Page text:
Workable Compromise

Workable Compromise What do you do when the person you are dating or married to disagrees with you on what to do or how to do it, whatever "it" is? What do you do when your interests or opinions are in direct conflict with the wants, needs, or feelings of the other? What do you do when you simply want different things? Navigating such differences is a key in making relationships work. Sometimes the best you can hope for is a workable compromise you can both live with, at least for a while.
The spirit of a workable compromise can include such general approaches as the following:

*My way when I do it, your way when you do it
*My way this time, your way next time
*Part of what I want with part of what you want
*If you'll do this for me, I'll do this for you
*We'll try it my way this time, and if you don't like it you can veto it

Sometimes just asking about and discussing your differences with these approaches can naturally lead to a workable compromise, as long as the discussion is civil, respectful, collaborative, and empathetic to where the other is coming from both directions. In other more challenging circumstances, a more formal exercise may be needed to create your compromise, perhaps even a bishop or professional psychotherapist. In tougher cases, you may wish to try one of these two mutual compromise approaches and if neither work, find a 3rd party mediator to help and referee your differences:

Approach 1: Reflective Listening

Reflective listening is a special kind of listening where the listener doesn't respond back to what is told to them with an answer. Instead, the response involves summarizing or paraphrasing back what is said in an effort to demonstrate understanding where the other person is coming from. To use reflective listening to create a workable compromise: 1) one person opens up with their ideas, suggestions, or recommendations on how they would like a situation or circumstance to be dealt with. 2) the second person summarizes back what the first person said without comment, criticism, or opinion, 3) the first person either confirms that either the summary is correct or if not, additional clarification is given, 4) the first person finally agrees that what they are saying is what the other heard, 5) the second person follows the same process on the same general subject, 6) when both sides agree they have been heard, they then ask/see if a workable compromise can be agreed upon, considering both sides in the equation.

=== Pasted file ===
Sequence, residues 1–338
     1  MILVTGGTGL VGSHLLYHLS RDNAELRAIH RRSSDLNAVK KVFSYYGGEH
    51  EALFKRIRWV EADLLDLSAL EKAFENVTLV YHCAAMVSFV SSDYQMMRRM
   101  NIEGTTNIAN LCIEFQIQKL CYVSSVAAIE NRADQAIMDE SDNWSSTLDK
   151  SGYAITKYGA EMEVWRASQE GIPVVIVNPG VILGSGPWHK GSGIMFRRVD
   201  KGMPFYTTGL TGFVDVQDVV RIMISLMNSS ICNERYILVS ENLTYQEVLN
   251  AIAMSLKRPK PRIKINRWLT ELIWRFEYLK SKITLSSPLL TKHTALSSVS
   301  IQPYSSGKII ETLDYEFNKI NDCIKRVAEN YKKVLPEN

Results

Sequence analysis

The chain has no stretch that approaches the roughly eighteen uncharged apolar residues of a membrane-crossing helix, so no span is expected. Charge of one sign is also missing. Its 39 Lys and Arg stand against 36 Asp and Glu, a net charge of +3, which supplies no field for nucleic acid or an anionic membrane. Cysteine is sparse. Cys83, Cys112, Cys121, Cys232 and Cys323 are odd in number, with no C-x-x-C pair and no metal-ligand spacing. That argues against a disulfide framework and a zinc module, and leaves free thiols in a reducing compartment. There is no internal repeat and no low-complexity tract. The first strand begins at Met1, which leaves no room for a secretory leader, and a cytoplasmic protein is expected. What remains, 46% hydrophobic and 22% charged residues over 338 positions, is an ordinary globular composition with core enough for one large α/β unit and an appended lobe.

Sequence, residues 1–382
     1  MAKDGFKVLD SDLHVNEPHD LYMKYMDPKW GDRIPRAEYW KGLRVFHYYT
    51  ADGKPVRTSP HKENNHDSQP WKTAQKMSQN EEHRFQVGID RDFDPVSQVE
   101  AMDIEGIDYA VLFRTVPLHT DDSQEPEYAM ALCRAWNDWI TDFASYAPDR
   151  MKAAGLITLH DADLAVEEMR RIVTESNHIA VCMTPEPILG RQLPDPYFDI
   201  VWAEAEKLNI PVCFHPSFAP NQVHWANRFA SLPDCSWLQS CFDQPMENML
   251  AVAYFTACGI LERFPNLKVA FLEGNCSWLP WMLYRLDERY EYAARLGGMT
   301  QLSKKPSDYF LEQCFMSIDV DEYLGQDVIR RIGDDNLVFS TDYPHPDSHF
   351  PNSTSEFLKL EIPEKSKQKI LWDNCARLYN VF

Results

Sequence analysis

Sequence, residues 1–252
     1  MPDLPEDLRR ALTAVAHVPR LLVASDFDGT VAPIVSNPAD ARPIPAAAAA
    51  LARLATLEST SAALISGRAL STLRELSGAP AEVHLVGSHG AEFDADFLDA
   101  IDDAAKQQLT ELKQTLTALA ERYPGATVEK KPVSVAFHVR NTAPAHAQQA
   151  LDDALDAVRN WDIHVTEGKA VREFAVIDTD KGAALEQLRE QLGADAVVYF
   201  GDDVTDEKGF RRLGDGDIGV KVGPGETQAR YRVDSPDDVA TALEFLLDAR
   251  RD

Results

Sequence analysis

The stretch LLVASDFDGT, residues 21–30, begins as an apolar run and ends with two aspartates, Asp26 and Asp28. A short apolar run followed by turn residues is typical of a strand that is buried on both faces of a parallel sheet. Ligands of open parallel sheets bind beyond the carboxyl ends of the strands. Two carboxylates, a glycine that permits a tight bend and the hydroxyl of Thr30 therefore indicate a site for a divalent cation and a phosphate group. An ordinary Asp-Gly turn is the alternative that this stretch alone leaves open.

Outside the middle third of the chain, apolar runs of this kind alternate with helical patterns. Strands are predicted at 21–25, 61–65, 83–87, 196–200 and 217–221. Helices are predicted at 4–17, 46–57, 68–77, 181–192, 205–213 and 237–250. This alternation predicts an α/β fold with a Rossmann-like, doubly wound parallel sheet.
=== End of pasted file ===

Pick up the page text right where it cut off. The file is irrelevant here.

Approach 2: Brainstorming

Brainstorming is simply talking out loud about numerous possible/potential approaches or decisions to a scenario. To attempt to use brainstorming to create a mutual compromise, do the following:

1) One person gives their suggestion/recommendation/idea on how an issue should be approached or decided on and writes it down on a piece of paper. 2) Without commenting on or critiquing the suggestion just given by the other person, the second person then also gives their own suggestion/recommendation/idea on how they think an issue should be approached and also writes that idea down on the paper. 3) Both sides continue to take turns offering as many ideas as comes to mind on possible ways to decide on or approach the situation without ever putting down the other's suggestions. 4) After both sides have given all of their ideas, each side take a turn crossing off the ideas that they like the least one at a time until one idea is left--the idea each side dislikes the least. 5) An effort is then made to see if there is a way to combine/blend the final 2 best ideas into a workable compromise they can live with--part of what one wants with part of what the other wants.

In sum, whether an informal approach is taken to create a workable compromise or one of the 2 more formal approaches above are tried, the idea is to create and agree upon a compromise that both sides can agree to try. Often when an agreed upon compromise is actually put into practice, both sides do find they like the result. And often the best result is that both sides feel heard and considered in the decision, thus preserving feelings and the relationship. Remember that getting along is often more important than getting your way, so please compromise and work with each other. Be considerate and collaborate, not selfish and inconsiderate. Because "…neither is the man without the woman, neither the woman without the man, in the Lord" (1 Corinthians 11:11).

Best wishes,
Dr. G

2016-02-18 Randy Gilchrist Communication, Conflict resolution

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About the author

Hello, my name is Dr. Randy Gilchrist (aka "Dr. G"). I am a licensed clinical psychologist, a licensed marriage & family therapist, and a certified hypnotherapist in private practice in Roseville, CA (, practicing since 1997. Also, I am happily married in the temple (Manti) since 1996 and have 4 sons. I am a volunteer writer and contributor to LDS Dimension. I use my training, education, and experience to share insights with LDS Dimension on all things of interest to the LDS dating community. Please read my articles and columns on this site to assist you in your online dating journey. Also, to be considered for an answer in a future Q and A column, please email me your dating/relationship oriented questions to Finally, I also offer a powerful, effective worldwide custom hypnosis recording service just for LDS Dimension members for weight loss, pornography, and many other issues of concern to those in the LDS dating community (please learn more now at; email me questions to